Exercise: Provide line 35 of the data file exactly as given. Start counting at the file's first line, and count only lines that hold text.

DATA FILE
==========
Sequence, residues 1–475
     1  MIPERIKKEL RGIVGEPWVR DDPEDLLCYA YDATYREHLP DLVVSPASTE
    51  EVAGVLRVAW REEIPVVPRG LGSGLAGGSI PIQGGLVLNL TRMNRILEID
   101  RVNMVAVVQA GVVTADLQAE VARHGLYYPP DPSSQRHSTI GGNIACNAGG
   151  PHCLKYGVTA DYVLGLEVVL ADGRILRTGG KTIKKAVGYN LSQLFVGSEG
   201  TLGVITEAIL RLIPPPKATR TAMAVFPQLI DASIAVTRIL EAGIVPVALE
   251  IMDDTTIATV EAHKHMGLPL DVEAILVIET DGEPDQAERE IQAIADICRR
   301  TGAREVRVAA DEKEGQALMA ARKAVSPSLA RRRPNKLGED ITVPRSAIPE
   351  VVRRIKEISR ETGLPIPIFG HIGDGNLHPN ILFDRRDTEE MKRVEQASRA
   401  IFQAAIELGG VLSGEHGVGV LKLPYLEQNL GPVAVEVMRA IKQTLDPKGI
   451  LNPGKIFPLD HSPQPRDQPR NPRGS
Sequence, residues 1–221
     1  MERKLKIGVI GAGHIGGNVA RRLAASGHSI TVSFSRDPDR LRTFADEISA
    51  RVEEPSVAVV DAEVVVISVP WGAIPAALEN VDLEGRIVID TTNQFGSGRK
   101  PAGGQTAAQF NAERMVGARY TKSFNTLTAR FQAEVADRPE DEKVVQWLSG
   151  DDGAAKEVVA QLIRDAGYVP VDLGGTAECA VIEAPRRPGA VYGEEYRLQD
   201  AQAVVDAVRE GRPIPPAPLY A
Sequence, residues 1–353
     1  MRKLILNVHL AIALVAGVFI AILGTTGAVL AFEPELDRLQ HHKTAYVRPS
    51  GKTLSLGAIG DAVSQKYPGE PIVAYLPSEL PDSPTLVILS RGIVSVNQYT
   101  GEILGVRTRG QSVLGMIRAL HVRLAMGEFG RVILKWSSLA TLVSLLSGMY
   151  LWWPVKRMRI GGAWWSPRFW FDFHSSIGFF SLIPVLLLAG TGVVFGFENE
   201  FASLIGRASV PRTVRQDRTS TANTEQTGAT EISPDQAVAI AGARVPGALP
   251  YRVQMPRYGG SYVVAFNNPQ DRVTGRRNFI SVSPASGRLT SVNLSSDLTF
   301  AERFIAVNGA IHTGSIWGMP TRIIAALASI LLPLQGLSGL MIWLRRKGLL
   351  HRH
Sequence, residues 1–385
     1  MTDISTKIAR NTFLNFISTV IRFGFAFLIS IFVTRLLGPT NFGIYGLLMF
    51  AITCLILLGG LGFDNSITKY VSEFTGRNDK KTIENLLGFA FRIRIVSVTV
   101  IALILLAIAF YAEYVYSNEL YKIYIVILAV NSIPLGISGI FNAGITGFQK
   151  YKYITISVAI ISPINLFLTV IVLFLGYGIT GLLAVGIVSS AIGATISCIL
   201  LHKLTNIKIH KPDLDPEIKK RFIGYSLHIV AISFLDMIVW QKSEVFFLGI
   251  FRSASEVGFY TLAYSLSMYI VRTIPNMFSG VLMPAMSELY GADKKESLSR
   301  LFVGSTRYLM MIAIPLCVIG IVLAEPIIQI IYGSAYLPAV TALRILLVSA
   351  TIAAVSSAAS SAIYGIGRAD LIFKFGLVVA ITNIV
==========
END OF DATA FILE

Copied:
   351  TIAAVSSAAS SAIYGIGRAD LIFKFGLVVA ITNIV